Coronavirus fears lead to questionable uses of payment data

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The global efforts to contain the coronavirus outbreak are leading to drastic actions that test the limits of what consumers will accept when governments and other entities use their payment data.

In China, the massive Alipay and WeChat apps are part of a government program to determine quarantines, a creative solution that nonetheless raises clear civil liberty concerns.

Alipay and WeChat Pay are widely used in China, enough to create a critical mass to help mitigate exposure between people to avoid person-to-person coronavirus transmission. People sign up through Alipay, which has about 900 million users in China, or through WeChat, which has more than a billion users.

Through questionnaires on the apps, the Health Code determines whether users have had recent travel to “hot spots.” As a result, people are assigned green, yellow or red codes when scanning QR codes at buildings or transit stations. People with green codes can move freely, yellow codes must quarantine for at least a week, and red codes mean people must quarantine for two weeks.

China has not revealed a lot of detail about how the health app works, and WeChat parent Tencent did not provide comment by deadline.

Ant Financial, the Alibaba affiliate that operates Alipay, told PaymentsSource the health service is powered by an API that’s part of the Alipay app and is in line with global pandemic prevention.

The questionnaire that feeds data into the color-coded quarantine identifier includes user consent forms and is self-reporting. And Ant’s contribution to the health app is limited to coronavirus protection.

In a statement, Leiming Chen, Ant's general counsel, said: "Ant Financial requires that all third-party developers, including those who offer health code services using our technology platform, strictly adhere to our data security and privacy requirements, which include obtaining user consent before providing services. Ant Financial and all its partners and third-party developers also must abide by the relevant laws and regulations to ensure the appropriate collection, use and protection of data."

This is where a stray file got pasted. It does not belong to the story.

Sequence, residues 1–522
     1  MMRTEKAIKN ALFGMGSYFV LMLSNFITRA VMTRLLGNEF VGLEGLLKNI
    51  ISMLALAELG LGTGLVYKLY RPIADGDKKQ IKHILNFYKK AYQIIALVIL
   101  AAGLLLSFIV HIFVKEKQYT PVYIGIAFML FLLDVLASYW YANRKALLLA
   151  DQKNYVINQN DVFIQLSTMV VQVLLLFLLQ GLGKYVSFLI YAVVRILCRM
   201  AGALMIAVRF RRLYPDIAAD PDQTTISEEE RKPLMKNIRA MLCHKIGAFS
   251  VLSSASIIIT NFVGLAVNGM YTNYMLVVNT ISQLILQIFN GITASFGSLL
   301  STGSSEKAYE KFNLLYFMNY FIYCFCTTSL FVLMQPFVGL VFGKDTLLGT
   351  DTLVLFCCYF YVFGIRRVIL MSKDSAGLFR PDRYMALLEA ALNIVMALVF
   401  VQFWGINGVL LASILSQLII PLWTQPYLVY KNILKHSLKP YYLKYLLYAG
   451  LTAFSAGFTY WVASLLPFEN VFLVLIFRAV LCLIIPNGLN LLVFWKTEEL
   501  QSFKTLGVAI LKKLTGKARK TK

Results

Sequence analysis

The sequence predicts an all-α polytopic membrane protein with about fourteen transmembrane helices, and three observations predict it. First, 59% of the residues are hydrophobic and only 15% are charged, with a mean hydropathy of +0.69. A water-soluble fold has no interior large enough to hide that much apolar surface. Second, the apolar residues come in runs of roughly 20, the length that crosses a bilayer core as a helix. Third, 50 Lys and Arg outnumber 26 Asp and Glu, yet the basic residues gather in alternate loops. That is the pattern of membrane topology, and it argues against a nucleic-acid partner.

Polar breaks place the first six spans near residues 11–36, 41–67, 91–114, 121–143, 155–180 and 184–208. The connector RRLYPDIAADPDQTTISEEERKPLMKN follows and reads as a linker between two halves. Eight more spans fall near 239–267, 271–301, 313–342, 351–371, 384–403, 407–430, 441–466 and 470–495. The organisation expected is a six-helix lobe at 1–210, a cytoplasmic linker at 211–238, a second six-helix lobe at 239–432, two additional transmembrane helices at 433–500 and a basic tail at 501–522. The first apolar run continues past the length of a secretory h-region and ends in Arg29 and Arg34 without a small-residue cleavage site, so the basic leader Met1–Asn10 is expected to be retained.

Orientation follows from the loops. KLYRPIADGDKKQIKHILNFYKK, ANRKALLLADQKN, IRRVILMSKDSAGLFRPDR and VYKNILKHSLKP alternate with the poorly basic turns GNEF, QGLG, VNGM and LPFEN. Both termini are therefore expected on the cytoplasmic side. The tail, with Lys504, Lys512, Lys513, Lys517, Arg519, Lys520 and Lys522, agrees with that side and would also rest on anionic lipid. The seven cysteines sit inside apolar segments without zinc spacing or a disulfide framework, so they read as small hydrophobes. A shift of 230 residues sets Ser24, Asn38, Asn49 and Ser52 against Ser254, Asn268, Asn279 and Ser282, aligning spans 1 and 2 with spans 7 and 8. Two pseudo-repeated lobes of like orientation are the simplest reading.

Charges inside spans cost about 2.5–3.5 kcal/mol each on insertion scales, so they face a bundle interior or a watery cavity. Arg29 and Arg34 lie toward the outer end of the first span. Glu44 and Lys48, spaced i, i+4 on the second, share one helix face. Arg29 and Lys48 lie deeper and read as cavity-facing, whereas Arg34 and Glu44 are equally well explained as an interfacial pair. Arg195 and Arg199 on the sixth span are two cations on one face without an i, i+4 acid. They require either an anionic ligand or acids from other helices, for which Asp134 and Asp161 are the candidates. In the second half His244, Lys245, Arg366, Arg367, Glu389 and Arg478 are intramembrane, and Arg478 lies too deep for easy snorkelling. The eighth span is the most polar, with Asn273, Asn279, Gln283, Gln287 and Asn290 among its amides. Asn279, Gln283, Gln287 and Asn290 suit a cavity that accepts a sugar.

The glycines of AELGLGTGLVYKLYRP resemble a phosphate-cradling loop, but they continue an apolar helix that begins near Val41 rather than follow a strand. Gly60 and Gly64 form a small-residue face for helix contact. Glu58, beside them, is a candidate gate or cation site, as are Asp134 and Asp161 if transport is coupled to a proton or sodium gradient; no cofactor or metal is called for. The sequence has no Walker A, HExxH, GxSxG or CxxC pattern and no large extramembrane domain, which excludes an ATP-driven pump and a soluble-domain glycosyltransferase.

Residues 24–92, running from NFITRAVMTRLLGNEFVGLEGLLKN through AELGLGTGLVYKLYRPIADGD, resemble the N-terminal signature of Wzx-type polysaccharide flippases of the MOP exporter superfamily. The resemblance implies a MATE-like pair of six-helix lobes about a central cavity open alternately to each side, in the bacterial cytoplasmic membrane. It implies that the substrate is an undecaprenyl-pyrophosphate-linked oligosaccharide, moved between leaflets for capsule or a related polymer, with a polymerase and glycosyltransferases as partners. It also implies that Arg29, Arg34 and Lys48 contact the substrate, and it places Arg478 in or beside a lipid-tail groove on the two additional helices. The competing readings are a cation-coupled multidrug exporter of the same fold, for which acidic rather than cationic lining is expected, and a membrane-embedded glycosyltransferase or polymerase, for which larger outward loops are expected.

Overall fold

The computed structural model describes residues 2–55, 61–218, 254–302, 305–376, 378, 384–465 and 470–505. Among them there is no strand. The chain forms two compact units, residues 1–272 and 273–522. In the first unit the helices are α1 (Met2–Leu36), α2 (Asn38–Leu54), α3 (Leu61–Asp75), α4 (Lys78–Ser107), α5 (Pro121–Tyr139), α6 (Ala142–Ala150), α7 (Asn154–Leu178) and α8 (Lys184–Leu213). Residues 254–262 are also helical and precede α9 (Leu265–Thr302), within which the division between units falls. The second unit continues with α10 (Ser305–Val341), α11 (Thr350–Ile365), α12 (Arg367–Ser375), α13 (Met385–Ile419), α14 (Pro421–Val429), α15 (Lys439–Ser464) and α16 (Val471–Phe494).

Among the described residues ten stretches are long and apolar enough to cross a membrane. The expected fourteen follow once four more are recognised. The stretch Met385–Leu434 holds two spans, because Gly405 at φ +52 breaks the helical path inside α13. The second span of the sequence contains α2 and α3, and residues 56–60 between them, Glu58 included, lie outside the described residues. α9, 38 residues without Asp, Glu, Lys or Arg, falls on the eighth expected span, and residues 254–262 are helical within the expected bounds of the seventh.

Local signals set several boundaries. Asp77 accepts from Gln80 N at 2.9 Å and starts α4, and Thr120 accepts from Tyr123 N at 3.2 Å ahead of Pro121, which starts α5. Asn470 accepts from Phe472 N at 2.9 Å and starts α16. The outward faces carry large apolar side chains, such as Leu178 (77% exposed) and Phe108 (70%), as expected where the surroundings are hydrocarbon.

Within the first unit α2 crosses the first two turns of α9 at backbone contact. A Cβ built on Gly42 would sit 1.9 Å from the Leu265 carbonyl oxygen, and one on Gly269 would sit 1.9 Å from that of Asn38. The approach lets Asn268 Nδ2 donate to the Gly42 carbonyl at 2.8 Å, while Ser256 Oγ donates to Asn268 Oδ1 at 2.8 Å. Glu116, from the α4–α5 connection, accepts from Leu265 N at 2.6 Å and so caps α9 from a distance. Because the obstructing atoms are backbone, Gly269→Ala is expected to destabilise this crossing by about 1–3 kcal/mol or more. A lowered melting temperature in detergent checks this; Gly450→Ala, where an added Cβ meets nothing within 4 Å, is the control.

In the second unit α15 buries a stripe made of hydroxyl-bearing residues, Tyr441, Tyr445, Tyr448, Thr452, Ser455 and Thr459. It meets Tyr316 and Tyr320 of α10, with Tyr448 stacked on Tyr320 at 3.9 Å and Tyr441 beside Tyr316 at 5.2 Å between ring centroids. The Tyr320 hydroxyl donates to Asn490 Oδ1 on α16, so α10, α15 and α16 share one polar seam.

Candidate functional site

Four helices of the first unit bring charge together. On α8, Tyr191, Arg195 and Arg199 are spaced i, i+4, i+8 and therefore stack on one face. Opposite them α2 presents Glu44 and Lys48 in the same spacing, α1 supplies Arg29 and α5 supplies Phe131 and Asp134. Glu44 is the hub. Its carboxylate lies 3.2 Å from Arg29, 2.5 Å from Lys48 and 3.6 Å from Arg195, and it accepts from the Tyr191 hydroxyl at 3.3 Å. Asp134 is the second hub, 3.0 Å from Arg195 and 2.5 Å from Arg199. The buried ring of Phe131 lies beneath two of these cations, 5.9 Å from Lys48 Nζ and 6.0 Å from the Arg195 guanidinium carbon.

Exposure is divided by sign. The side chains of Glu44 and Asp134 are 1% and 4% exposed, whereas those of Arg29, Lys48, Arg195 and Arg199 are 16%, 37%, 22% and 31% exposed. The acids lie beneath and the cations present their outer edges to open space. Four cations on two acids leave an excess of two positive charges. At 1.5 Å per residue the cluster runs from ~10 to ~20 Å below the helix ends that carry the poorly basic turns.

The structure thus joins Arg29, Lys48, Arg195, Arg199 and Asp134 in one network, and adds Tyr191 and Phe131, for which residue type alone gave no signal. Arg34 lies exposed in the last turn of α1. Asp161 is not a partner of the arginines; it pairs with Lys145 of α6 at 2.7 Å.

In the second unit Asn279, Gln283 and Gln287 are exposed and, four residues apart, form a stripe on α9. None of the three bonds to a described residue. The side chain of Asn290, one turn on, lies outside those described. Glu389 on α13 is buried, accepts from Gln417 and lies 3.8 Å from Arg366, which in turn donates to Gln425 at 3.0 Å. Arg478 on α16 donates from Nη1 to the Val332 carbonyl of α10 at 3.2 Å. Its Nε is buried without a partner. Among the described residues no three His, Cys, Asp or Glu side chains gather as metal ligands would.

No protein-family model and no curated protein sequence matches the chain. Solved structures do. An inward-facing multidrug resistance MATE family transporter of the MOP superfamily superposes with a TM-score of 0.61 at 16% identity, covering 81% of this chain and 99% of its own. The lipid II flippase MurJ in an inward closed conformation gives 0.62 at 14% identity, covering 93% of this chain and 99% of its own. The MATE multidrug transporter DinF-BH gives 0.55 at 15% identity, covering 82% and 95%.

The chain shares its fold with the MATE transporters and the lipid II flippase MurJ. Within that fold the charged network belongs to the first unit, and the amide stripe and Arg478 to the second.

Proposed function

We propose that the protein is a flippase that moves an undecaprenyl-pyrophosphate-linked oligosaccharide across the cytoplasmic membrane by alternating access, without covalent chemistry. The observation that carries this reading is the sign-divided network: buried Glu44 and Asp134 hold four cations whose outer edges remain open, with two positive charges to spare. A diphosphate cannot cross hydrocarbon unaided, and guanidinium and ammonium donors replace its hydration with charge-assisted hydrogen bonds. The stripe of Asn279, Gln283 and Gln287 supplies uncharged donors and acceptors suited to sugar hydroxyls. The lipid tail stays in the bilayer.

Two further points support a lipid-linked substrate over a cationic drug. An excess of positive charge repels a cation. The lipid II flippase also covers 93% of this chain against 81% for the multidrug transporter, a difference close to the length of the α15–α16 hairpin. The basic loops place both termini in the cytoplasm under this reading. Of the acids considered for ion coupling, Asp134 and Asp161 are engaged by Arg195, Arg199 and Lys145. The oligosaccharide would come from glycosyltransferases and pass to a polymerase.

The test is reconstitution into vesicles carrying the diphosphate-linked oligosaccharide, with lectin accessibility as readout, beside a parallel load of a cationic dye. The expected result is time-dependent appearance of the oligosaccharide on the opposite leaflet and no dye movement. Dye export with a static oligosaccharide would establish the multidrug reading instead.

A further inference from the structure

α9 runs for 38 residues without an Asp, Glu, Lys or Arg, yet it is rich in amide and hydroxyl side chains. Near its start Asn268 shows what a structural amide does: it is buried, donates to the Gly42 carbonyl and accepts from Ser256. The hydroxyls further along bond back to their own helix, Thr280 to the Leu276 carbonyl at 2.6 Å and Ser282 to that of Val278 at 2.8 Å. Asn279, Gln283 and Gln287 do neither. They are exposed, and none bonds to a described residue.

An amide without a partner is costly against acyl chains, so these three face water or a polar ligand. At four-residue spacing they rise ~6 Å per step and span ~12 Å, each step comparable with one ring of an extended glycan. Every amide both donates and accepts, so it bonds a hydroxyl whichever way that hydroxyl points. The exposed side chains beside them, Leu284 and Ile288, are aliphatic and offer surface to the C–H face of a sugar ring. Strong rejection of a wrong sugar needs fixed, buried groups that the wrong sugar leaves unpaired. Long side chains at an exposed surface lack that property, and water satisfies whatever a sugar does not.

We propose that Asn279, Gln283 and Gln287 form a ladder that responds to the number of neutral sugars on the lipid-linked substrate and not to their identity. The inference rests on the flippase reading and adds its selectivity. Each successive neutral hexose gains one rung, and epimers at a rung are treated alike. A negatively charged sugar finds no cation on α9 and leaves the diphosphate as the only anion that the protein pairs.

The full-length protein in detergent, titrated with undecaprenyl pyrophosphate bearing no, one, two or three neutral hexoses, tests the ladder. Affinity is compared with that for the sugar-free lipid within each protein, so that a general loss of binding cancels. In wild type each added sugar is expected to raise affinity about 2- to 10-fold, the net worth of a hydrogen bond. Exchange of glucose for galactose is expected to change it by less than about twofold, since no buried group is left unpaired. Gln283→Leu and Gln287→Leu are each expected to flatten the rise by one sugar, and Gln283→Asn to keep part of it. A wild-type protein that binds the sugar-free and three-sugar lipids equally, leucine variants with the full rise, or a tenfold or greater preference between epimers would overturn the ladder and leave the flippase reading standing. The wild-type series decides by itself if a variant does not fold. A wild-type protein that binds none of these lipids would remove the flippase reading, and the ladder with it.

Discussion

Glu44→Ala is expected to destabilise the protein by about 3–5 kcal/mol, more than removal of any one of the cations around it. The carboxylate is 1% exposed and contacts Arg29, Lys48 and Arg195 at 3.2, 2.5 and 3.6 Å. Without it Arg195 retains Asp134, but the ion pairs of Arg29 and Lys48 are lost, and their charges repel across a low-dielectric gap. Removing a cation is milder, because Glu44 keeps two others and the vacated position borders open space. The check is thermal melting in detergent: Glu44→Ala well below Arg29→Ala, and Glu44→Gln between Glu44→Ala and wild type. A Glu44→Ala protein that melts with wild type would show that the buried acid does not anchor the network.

The Chinese government engaged with Chinese law enforcement on the health service, according to The New York Times, and is sharing data with the government. The Chinese government is already tracking payment transactions at pharmacies and other health care centers as part of its coronavirus response, so the new color-code feature raised additional privacy concerns. The Chinese government has countered local critics by stressing the health color code app is being used only to battle the virus, and other information is discarded.

The Chinese health app shows the power, and limitations, that come with emerging retail technology.

As checkout-free stores, e-commerce and omnichannel shopping advance, troves of new data are produced. In some cases this combines video and digital trails of purchases along with other personal information that’s in a mobile wallet. As mobile wallets become part of digital ID, it becomes easier to tie a payment account to a government ID and access to transportation networks and business facilities.

The ability to quickly obtain information that addresses all of these touchpoints can be put to work in an emergency, but also opens the door to greater surveillance powers.

After years of having a poor reputation for government surveillance, China has made some progress in data privacy. But China’s overall handling of the coronavirus has been mixed at best, so any use of payment data as part of the recovery will require the fintechs to balance privacy concerns with the ability to help isolate hot spots via mobile apps.